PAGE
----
Defining leadership

Aditya Aggarwal

When I was in the air training corps, I was tasked with leading a team of nine other cadets on a competition weekend against other teams in the region. We had no expectations of winning, yet out of forty teams, ours ranked third. Although I attribute most of our success to being part of a high performing team, I realised that leadership and the ability to make decisions in time pressured situations was also key to our success. As pharmacy professionals, we are the leaders of medicines optimisation in relation to patient care, but what does leadership mean?

In his book, Other People’s Shoes, Ken Jarrold CBE defines leadership as “showing the way – showing what to do next”, which differs from management which he defines as the responsibility for the use of resources. A manager may not be a leader unless they can show the way. We shouldn’t expect all managers to lead, but managers shouldn’t prevent those who can show the way from doing so. From my limited experience, this is where the potential for leadership is stymied. Leadership can be demonstrated by people at all levels, regardless of seniority, and the most effective teams are ones where leaders are allowed to lead, with support from managers. If anything, there is a symbiotic relationship between great leaders and great managers, which when fostered, creates a formidable partnership.

Unfortunately, pharmacists are not taught to be leaders, but instead taught to be managers, and in my opinion are expected to become followers to the will of those above. Good leadership shows teams how to deliver the best patient care through a values-based approach. Evidence by Francis, Berwick and Keogh supports this, and further research by Michael West demonstrates the link between good leadership and improving patient care.

The NHS Long Term Plan focuses on changing the way we work to deliver effective and efficient patient care. Primary care networks (PCN) is one approach proposed by the chief pharmaceutical officer, Keith Ridge, to increase collaboration in primary care by delivering a population-based model of care, i.e. looking at the individual as part of a larger community, while still keeping the personalised aspect. For PCNs to work, ensuring collaboration and integration across multiple services is important to help patients get the care they need, when they need it. An opportunity therefore exists for community and general practice pharmacy to get involved and work alongside others in a PCN. As such, there will be a requirement to ‘show the way’ for patient centred care through such transformative times.

To support community pharmacy, NHS England in collaboration with HEE, CPPE and the NHS Leadership Academy has funded 1,200 places via the Pharmacy Integration Fund (PhIF) to undertake the Mary Seacole Programme. The programme is one of the highly sought after, flagship programmes offered by the NHS Leadership Academy to those working in the NHS and has been specifically adapted for pharmacy professionals so that they can take their learning back to the workplace. The programme is funded for those who work at least 40% of their working week in community pharmacy and is open to both pharmacists and pharmacy technicians. The course offers a fantastic opportunity to learn new skills which can help further your career by developing the necessary leadership skills to become a pharmacy pioneer and navigate the complex healthcare and commissioning environment.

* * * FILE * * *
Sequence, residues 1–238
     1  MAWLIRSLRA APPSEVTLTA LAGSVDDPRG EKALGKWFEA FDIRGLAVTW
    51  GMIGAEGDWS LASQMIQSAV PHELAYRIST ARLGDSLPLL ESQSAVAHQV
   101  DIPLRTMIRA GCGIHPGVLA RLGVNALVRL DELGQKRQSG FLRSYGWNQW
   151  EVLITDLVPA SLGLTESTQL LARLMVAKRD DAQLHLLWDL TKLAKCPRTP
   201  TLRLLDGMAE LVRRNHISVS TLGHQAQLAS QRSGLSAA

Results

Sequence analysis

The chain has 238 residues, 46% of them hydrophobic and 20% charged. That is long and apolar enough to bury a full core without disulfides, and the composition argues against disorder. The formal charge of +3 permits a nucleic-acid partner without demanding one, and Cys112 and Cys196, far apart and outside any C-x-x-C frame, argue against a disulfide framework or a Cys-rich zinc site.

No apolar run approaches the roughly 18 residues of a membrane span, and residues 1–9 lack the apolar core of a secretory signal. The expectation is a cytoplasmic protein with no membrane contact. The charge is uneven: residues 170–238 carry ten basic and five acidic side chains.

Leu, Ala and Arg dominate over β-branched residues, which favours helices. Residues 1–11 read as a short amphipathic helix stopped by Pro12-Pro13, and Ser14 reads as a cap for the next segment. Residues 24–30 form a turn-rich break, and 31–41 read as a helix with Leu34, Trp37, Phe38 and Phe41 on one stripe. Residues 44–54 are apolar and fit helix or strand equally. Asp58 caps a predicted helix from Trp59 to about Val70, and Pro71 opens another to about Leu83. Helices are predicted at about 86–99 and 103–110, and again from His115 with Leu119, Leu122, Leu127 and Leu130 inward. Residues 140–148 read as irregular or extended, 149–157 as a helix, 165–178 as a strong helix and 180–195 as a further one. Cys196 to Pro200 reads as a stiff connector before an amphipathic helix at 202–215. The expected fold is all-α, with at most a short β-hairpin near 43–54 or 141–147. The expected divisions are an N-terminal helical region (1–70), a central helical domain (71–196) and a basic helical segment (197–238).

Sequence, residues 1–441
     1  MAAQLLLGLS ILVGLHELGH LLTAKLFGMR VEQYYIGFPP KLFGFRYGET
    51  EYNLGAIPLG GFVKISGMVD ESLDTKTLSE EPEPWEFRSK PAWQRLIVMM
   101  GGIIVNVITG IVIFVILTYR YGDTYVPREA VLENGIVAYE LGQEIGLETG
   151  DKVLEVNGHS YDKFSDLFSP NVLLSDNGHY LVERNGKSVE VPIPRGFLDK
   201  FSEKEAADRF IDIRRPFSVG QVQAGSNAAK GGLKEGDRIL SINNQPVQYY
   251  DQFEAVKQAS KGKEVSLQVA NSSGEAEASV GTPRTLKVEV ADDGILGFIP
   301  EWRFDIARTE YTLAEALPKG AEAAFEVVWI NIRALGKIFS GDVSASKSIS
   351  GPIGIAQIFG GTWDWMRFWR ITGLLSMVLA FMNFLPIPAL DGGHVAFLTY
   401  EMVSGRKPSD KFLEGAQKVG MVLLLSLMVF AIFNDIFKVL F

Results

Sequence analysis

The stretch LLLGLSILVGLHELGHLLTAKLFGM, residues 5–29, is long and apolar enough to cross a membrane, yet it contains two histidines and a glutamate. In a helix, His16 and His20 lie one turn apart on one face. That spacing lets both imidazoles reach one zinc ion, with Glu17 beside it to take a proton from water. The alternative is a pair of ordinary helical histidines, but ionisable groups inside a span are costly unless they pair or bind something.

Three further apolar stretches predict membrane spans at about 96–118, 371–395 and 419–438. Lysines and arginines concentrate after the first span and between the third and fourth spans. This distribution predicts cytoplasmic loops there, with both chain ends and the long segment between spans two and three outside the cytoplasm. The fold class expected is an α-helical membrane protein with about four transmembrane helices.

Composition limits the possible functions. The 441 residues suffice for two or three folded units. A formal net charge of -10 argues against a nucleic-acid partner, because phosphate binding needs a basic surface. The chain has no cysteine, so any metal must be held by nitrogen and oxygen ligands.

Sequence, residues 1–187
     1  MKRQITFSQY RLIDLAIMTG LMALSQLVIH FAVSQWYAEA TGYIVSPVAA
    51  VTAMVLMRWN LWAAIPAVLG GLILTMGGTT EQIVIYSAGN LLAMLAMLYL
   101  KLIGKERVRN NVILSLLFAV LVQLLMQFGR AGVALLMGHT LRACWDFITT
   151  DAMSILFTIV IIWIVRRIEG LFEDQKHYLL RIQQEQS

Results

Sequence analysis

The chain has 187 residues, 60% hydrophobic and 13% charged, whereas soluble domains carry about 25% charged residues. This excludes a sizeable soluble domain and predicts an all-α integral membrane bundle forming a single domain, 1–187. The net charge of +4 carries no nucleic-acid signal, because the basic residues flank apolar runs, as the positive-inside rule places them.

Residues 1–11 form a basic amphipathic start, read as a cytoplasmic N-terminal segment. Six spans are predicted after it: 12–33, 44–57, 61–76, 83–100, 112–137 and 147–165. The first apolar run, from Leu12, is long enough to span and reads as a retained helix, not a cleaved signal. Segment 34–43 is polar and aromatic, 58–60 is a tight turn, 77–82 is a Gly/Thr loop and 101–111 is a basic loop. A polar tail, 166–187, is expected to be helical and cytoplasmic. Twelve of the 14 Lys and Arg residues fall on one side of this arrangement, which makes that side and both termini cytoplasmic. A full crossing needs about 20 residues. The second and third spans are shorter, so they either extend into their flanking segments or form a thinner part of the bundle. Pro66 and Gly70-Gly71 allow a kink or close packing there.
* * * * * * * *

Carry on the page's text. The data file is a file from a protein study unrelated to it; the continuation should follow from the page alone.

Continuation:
As part of the NHS Graduate Management Training Scheme, on the policy and strategy stream, we complete half of the Elizabeth Garrett Anderson Programme (PG Certificate in Healthcare Leadership) which has similarities to the Mary Seacole Programme. This is also provided by the NHS Leadership Academy. As part of the programme, we learn different models such as the Kolb-Frohman model for carrying out organisational change. It sounds very by-the-book, but learning these models helps the individual to develop their personal approach to changing a system. Other topics include human factors and ergonomics, a relatively new scientific discipline. It looks into the causes of errors happening, using examples from different industries and of the human elements which cause them. Understanding this is vital for designing effective, integrated pathways in healthcare, and as part of the larger agenda of moving away from a blame culture to a culture of learning. Human factors brings together elements from many disciplines, to explore how and why things go wrong, e.g. a patient being given an unnecessary knee operation. Despite all the checks and balances, situations like this do still occur, and in human factors you learn how to drill down and find the true root cause of errors. From my own perspective, I have used my understanding of human factors in an investigation I worked on. The change in mindset made me look beyond the surface to evaluate situations at a deeper level resulting in discoveries on how to improve both the system and design.

In conclusion, leadership is the skill of bringing staff, teams, clinicians and organisations together cohesively to work towards a common vision. Sustainability and transformation partnerships (STPs) and integrated care systems (ICS) are developing across England with PCNs starting to evolve within each ICS. Leadership by pharmacy professionals working within a PCN, including community pharmacy, will become of greater importance in demonstrating the role they play in improving quality of care with a focus on patient centred care.

About the author:

Aditya is a qualified pharmacist, currently in his final year of the NHS Graduate Management Training Scheme in the policy and strategy stream.

You can follow him on Twitter at @adkaggarwal.

Last updated
The Pharmaceutical Journal, Defining leadership;Online:DOI:10.1211/PJ.2019.20206608

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